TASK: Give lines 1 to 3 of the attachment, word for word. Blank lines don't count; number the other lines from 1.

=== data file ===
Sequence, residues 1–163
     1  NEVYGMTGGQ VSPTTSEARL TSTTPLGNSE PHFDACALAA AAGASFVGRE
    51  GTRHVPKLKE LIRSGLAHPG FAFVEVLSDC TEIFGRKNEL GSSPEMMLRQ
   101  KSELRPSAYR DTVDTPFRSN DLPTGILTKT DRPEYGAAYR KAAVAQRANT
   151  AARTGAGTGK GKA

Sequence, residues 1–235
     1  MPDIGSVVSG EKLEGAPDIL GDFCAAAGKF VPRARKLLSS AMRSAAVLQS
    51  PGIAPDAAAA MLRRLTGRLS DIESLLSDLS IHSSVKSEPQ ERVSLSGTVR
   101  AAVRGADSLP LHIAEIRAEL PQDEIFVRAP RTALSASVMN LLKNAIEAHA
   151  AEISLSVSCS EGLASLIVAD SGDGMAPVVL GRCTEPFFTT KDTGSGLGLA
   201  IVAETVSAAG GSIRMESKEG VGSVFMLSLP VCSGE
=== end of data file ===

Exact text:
Sequence, residues 1–163
     1  NEVYGMTGGQ VSPTTSEARL TSTTPLGNSE PHFDACALAA AAGASFVGRE
    51  GTRHVPKLKE LIRSGLAHPG FAFVEVLSDC TEIFGRKNEL GSSPEMMLRQ